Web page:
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 [F] Mystery Net Community  / Mystery Books & Authors  / Genres and Themes  / Genres  / Private Investigators & Sleuths  /

P.I.s: Hard-boiled
 

Hard-boiled Mystery Books

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PIs who get mixed up in the wrong case-- because of some dame who's got it in fer him. There's nothing as classic as a noir hard-boiled detective-- the drifters, gangsters, lovers and lowlifes who populated this world.

To read more about hard-boiled detectives in pulp fiction and their authors, go to Hard-Boiled Mysteries Profile at MysterNet's Mystery Time Line.

Join the discussion by posting a message below.



Previous MessagesEarliest MessagesOutlineRecent Messages (119 previous messages)
Tim Sismey - 05:25pm Jun 4, 1999 PST(#120 of 130)

Marlowe, I have to agree - but I don't think it was just the wars that made the difference. I didn't realise until recently that Prohibition implicitly involved the American people! It was against the law to import or sell alcohol, but not to buy or consume it, so therefore making it officially legal to buy & consume goods that couldn't be imported or sold!!?? I ask ya, how can anyone stay honest in a world where the law makes no sense?


P Marlowe - 04:49pm Jun 22, 1999 PST(#121 of 130)
Glenview 7537 - Hollywood

And allow an entire criminal element to become viable and competitive with honest folks trying to make a living. I totally agree that Prohibition made a difference as did the Depression. All these forces changed significantly the components of the American Dream Machine.


Jenne Sparkes - 05:44pm Nov 8, 1999 PST(#122 of 130)

Can anybody help me out? What is the role of women in hard-boiled mysteries?


-Hugh Drummond - 02:58am Nov 9, 1999 PST(#123 of 130)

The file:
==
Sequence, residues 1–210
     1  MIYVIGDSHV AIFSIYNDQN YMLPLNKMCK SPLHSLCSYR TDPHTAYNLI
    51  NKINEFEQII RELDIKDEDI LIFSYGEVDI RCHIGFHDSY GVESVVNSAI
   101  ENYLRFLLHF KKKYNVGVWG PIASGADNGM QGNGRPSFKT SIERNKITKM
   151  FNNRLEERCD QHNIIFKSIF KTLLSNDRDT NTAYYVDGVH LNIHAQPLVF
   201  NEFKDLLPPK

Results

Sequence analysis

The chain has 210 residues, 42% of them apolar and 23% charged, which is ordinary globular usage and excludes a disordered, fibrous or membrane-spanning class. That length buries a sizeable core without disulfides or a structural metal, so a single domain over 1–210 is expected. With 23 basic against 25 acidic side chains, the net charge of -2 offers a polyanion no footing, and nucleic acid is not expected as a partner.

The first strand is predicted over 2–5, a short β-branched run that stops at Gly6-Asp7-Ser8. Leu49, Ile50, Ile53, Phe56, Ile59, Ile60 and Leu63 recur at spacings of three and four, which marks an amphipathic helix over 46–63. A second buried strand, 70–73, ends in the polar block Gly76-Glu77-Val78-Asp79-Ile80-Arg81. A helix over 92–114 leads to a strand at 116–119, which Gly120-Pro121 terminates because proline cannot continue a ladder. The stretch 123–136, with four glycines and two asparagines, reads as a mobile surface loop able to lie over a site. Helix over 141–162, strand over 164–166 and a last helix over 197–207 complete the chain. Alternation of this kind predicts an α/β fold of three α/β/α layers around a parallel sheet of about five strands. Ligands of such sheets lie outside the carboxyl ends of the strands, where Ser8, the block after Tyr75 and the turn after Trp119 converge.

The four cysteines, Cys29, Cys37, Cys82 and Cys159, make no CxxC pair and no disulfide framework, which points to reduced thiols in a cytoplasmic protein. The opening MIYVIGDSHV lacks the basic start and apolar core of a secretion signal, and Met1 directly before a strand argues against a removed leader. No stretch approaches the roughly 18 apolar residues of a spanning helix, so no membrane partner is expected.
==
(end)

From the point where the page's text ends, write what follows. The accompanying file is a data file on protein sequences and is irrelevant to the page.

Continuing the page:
Good taste prevents me from answering that question.

HUD


Pallavi Daram - 03:36pm Nov 12, 1999 PST(#124 of 130)

What is the role of women in hard-boiled mysteries?


Bill Quint - 12:43pm Nov 16, 1999 PST(#125 of 130)

the world never abandoned the virtues of absolute right and wrong. they have always been a myth. in the twentieth century we have been slapped in the face with this truth enough that it's harder to ignore.


Bill Quint - 12:51pm Nov 16, 1999 PST(#126 of 130)

the role of women in hardboiled fiction has changed over time. early on women were the manipulators that caused most of the trouble, or they were the "lost daughters". with the advent of the dark ages in the 50's, writers like Spillane used women as furniture and targets. hardboiled detectives like Sharon McCone, Kinsey Milhone and V.I. Warshawski have taken their place beside their male counterparts in the true roles that belong to the hardboiled detective: witness and defender.


Darin Fenn - 02:51pm Dec 27, 1999 PST(#127 of 130)

PLEASE!! go read my posting in the Raymond Chandler forum. It's too long to write again, but the questions and thoughts apply to ALL lovers of hard-boiled detectives.

I need your help, believers...


Darin Fenn - 03:58pm Dec 28, 1999 PST(#128 of 130)

It seems as if this site has been quiet a while, but I'll try to get it going... Reviewing the past year of postings, a few thoughts/facts came to mind:

"The Drowning Pool" was made as a film with Paul Newman in '75. It was actually the sequel to "Harper", although not a very good one.

A film to check out is the pseudo-biographical "Hammett" made by Wim Wenders in 1982, starring Frederic Forrest. Interesting trivia - it was 2/3 completed by Francis Coppola starring Brian Keith, when they scrapped it and started over...

It's a shame there are so few great hard-boiled detective films. Why can the film never match the book? Perhaps it is the book's attention to details that draws one in, forcing one to use imagination. A film gives it all to you. Not as much fun.

The Maltese Falcon w/Bogart is still my favorite film version - perfect as it gets.


P Marlowe - 10:16pm Dec 30, 1999 PST(#129 of 130)
Glenview 7537 - Hollywood

Darin Fenn, I dare say the movie LA Confidential was about as close to that book as any film I've seen in a long while.

However, in the 40s the material contained in the fiction of Chandler's and other pulp fiction writers work simply could not be translated to the screen in its entirety. This was because of the restrictions on film content. Really great directors (such as John Huston in The Maltese Falcon) could through character nuances and characterizations let you know all you need to know about the proclivities.


Bruno Hawse - 12:09pm Jan 24, 2005 PST(#130 of 130)

P. Marlowe!

Hey, I lived in L.A. in the 50's and it was just like the movie!!

Can you recommend another book like that is easier reading?

BrunoHawse@AOL.com

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